St. Louis Public Schools sell vacant building for use as charter school
For the first time, St. Louis Public Schools has sold a vacant building for use as a charter school.
After a long delay, the Special Administrative Board voted this week to sell the former Gardenville School at 6651 Gravois to Concept Schools of Chicago, which plans to open it this fall as a second location of its Gateway Science Academy.
The new school, to be known as Gateway Science Academy South, will start with 350 students in grades kindergarten through five, according to Salim Ucan, vice president at Concept Schools. He said plans call for one grade to be added each year so the school eventually would grow to 650 students, K-12th grade.
The current Gateway Science Academy, at 6576 Smiley, also plans an expansion, to a nearby leased location, where high school students will begin attending classes this fall. The school began with grades kindergarten through seven and added eighth grade for the current school year.
Both new buildings will undergo thorough renovation, Ucan said, with the work costing about $3 million at the old Gardenville school and $1.5 million-$2 million at the expansion for the current academy. The renovation, as well as the purchase of Gardenville, will be paid for by the Canyon-Agassi Charter Schools Facilities Fund, a $500 million venture founded last year by former tennis star Andre Agassi to promote the growth of charter schools.
Ucan said the fund would lease it to the Gateway Science Academy for a few years, then sell it to the school outright.
The new Gateway Science Academy South would be sponsored by Lindenwood University, as is the current school. Its application has been submitted to the Department of Elementary and Secondary Education for consideration at the May meeting of the Missouri Board of Education. The two schools would operate separately but share a board.
Ucan said that as disclosed earlier by the Beacon, Concept had offered the asking price for Gardenville, close to $1.2 million. The offer was not accepted right away. The site originally was listed for commercial development because of the school’s condition.
The Special Administrative Board voted on Tuesday night to sell the school to Concept. The city schools did not respond to a question about whether this sale represented a formal change in policy or just an isolated sale.
Despite the delay in getting a final vote, Ucan said that the company’s experience with the St. Louis Public Schools “was positive. I had a meeting with the superintendent and also had phone conversations with individual board members. What we felt and which we appreciated was that it’s great to St. Louis Public Schools put their political stance on charter schools aside and put the interest of the children and the community first.”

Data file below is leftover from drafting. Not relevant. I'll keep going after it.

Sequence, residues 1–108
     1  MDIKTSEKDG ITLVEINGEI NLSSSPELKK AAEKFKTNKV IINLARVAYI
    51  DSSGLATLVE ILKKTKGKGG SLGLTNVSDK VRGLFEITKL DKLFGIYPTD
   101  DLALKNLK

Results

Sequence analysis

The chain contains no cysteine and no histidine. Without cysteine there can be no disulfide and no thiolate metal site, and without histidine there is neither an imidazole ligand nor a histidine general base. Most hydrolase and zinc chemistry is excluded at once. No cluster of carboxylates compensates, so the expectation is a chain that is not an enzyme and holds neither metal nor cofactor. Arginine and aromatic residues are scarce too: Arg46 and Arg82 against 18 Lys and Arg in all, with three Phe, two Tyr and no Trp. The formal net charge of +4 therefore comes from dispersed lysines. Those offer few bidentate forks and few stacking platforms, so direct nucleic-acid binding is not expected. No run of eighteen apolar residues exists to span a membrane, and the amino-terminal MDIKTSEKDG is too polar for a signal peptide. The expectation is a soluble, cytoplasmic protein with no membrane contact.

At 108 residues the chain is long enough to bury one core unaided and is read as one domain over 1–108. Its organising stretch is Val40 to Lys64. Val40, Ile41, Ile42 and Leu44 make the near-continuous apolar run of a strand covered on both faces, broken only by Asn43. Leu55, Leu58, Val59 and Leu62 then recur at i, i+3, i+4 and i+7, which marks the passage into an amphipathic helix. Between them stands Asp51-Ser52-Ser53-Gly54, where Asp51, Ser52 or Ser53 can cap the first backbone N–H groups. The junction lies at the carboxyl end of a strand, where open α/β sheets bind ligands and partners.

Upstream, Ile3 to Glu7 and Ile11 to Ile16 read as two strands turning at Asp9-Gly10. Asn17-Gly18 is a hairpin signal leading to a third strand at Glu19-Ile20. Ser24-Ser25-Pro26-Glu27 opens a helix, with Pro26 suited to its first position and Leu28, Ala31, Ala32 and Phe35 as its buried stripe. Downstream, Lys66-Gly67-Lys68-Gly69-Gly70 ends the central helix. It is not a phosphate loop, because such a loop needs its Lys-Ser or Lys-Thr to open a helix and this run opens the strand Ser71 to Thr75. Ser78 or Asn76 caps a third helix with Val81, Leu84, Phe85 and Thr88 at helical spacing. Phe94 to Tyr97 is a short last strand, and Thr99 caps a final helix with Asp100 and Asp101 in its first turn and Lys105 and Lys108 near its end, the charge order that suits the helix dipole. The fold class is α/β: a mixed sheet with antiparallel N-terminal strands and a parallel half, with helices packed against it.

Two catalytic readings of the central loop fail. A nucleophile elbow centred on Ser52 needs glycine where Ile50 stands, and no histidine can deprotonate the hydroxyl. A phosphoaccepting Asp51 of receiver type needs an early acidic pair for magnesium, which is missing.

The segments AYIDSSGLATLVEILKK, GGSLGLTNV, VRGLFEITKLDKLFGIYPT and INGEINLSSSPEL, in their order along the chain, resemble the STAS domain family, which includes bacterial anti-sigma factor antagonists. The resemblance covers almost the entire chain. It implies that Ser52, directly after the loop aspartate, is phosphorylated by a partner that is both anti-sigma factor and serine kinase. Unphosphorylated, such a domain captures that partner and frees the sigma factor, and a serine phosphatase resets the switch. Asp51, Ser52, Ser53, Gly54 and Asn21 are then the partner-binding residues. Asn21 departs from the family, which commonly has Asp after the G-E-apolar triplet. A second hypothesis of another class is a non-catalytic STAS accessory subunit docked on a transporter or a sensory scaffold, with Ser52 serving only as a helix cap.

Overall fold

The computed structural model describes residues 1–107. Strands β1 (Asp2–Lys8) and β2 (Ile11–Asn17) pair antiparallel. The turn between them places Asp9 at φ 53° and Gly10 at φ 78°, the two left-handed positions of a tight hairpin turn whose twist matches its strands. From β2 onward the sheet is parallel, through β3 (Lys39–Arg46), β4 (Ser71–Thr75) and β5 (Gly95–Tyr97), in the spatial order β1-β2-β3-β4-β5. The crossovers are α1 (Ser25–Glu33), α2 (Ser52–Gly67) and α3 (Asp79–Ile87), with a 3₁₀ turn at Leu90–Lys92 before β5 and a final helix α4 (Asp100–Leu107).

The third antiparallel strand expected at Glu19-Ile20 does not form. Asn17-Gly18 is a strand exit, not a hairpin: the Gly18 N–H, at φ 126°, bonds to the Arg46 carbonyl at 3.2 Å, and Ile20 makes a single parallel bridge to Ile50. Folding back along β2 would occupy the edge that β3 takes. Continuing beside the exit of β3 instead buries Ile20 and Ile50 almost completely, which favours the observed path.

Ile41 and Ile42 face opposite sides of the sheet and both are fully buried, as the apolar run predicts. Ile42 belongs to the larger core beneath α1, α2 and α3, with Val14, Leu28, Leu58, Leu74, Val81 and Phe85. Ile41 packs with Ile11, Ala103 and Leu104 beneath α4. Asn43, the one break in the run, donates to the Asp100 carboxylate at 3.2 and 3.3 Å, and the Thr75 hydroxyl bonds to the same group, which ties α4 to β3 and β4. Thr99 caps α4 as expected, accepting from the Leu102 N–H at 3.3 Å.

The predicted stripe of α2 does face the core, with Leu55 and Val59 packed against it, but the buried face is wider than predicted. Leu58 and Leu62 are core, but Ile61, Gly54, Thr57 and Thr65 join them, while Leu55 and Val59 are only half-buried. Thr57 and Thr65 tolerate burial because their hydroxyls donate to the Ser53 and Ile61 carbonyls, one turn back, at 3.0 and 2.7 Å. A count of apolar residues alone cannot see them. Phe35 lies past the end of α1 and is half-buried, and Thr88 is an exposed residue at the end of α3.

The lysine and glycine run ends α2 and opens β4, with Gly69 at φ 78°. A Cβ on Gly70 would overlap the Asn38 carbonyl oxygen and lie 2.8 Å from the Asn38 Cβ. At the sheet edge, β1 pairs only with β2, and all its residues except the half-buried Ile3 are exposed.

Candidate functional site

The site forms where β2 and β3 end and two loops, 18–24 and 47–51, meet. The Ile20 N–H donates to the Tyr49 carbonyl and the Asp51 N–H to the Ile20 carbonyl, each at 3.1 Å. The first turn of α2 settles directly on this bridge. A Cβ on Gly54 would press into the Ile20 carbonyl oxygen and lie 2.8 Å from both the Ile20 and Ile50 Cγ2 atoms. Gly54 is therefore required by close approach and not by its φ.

He said both Superintendent Kelvin Adams and Rick Sullivan, head of the SAB, “had the interest of the community and the children in their heart. That’s what I felt. They really were for the students and for improving the quality of education in St. Louis. You can call that a change of heart or a change of policy.”
Ucan noted that the existing Gateway Science Academy has a long waiting list and hopes to extend its success so far to the new location.
“It will be the same school, on the same model,” he said. “This is a proven successful model with a proven record in seven different states. Our current school has become one of the highest performing charter schools in St. Louis. We expect the same rigor and the same program, with smaller class sizes, a rigorous curriculum a lot of new technology integrated in the classroom, a longer school day and an extended school year. Students will have 25 percent more instructional time than their counterparts in the public school system.”
He also stressed the importance of parental involvement. “Our philosophy is to educate not only the child but also the family and the whole community,” Ucan said. “We’ve done it in St. Louis. We’ve done it in 27 other schools throughout the Midwest.”
Ucan stressed that the renovation work to be done in the two new buildings housing Gateway Science Academy facilities would be done by local contractors hired by the Agassi foundation.
“We are not going to be involved in the construction,” he said.